Silence in the Face of Evil
Words Worth Thinking About
Dietrich Bonhoeffer, a German Lutheran pastor, is often remembered for his profound words during a time of profound evil.
“Silence in the face of evil is itself evil: God will not hold us guiltless. Not to speak is to speak. Not to act is to act.”
This quote is often attributed to Dietrich Bonhoeffer, a German Lutheran pastor who spoke out against the Nazi regime in the early 1940’s.
Despite its popular attribution to Bonhoeffer, my research through Bing and ChatGPT reveals no concrete evidence that he ever spoke or wrote these exact words.
“The sentiment expressed in the quote is consistent with Bonhoeffer’s beliefs and actions. He was actively involved in the Confessing Church, a movement that resisted the Nazi regime, and he was connected to a plot to assassinate Adolf Hitler.”
Bonhoeffer was banned from preaching, teaching, or publishing in Germany. He began working with the underground church as he saw the mainline churches in Germany walk away from the Gospel and embrace the world of the Fuhrer.
He arrived in America in June 1939 at the invitation of Union Theological Seminary. However, he regretted his decision, and despite the pleadings of friends to remain in America, Bonhoeffer decided to return to Germany.
“I have come to the conclusion that I made a mistake in coming to America this time. I must live through this difficult period in our national history along with the people of Germany. I will have no right to participate in the reconstruction of Christian life in Germany after the war if I do not share the trials of this time with my people ... Christians in Germany will have to face the terrible alternative of either willing the defeat of their nation in order that a future Christian civilization may survive, or else willing the victory of their nation and thereby destroying our civilization and any true Christianity. I know which of these alternatives I must choose but I cannot make that choice from a place of security.”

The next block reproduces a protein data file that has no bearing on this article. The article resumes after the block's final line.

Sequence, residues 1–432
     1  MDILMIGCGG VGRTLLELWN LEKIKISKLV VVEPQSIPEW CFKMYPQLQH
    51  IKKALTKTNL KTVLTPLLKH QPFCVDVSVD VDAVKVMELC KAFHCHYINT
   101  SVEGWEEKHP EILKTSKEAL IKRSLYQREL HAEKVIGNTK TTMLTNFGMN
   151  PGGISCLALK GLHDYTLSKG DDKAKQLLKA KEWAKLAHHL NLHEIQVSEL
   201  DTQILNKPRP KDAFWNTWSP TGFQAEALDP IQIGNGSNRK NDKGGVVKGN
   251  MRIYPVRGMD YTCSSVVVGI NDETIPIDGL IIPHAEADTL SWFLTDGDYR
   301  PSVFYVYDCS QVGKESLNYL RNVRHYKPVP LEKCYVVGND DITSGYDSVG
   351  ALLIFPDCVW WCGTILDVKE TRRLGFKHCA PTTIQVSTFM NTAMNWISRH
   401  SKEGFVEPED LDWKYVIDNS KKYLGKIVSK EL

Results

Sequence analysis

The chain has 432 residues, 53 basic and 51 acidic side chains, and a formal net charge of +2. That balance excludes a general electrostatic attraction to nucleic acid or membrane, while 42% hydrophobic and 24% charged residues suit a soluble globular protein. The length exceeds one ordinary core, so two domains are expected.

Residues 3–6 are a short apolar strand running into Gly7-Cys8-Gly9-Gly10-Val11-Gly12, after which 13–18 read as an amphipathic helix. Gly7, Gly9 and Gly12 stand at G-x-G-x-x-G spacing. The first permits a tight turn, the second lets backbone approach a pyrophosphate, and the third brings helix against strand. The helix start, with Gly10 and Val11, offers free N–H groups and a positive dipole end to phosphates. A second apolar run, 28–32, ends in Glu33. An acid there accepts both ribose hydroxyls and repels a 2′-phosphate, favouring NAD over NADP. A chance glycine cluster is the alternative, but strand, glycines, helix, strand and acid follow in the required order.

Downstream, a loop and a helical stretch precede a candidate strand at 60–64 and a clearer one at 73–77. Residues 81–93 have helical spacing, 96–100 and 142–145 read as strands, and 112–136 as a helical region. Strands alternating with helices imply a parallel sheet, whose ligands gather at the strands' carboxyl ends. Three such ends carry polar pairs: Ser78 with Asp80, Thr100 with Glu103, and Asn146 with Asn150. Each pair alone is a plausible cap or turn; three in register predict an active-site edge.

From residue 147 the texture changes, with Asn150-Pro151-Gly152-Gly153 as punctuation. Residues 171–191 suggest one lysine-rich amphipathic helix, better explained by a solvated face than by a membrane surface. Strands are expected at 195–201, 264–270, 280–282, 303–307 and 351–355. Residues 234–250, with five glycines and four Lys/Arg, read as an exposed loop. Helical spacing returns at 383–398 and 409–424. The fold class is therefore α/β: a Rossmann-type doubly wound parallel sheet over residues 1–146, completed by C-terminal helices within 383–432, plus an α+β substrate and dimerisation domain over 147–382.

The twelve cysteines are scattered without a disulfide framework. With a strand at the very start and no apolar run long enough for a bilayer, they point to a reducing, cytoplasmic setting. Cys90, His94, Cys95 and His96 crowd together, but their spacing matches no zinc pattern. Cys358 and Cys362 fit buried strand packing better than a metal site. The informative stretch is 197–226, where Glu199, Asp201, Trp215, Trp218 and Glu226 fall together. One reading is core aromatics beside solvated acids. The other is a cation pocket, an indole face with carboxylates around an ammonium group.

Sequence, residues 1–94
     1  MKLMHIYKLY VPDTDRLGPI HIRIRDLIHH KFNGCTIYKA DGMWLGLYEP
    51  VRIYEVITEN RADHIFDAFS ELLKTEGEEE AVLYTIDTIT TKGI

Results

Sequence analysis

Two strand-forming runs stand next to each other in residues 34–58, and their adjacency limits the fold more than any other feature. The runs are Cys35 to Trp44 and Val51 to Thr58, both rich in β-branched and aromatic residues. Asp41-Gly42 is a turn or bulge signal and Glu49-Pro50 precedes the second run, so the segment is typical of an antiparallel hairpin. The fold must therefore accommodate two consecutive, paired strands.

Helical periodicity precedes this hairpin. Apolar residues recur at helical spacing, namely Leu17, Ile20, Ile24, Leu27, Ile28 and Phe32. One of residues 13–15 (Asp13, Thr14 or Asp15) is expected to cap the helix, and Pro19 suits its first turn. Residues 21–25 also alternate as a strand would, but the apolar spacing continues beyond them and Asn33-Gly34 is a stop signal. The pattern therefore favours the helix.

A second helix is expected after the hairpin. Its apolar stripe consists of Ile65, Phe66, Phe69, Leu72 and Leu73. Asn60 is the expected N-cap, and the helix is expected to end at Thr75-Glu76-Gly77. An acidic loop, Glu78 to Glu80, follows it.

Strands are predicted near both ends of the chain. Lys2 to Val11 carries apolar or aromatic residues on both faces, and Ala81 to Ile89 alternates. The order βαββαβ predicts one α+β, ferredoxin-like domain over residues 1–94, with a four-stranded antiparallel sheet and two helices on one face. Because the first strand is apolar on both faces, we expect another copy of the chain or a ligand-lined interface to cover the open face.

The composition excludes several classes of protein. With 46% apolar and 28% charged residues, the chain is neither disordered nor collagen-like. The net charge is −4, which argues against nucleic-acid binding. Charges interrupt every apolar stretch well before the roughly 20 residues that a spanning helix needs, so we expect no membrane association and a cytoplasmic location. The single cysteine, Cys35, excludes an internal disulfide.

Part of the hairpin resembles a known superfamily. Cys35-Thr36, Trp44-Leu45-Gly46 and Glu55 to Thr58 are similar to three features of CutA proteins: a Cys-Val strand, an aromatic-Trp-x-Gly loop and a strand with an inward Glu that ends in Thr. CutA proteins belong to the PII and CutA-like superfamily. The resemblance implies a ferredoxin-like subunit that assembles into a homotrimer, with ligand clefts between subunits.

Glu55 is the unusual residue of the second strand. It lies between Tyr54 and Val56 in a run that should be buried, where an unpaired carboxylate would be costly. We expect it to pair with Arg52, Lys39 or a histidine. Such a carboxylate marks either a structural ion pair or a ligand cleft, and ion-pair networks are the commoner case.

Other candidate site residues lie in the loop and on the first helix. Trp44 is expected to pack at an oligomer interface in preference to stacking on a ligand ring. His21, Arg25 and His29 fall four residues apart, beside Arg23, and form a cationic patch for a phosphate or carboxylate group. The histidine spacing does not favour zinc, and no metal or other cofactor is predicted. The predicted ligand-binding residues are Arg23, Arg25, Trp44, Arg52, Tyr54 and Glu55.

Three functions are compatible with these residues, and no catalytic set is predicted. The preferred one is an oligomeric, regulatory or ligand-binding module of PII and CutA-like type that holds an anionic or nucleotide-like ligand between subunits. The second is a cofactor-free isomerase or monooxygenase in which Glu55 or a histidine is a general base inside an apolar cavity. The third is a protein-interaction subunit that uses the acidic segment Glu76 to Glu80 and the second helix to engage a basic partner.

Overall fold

Bonhoeffer was executed by hanging on April 9, 1945, for his membership in a group that wanted to assassinate Adolph Hitler.
Less than one month after Bonhoeffer’s execution, Germany formally surrendered to the Allied forces.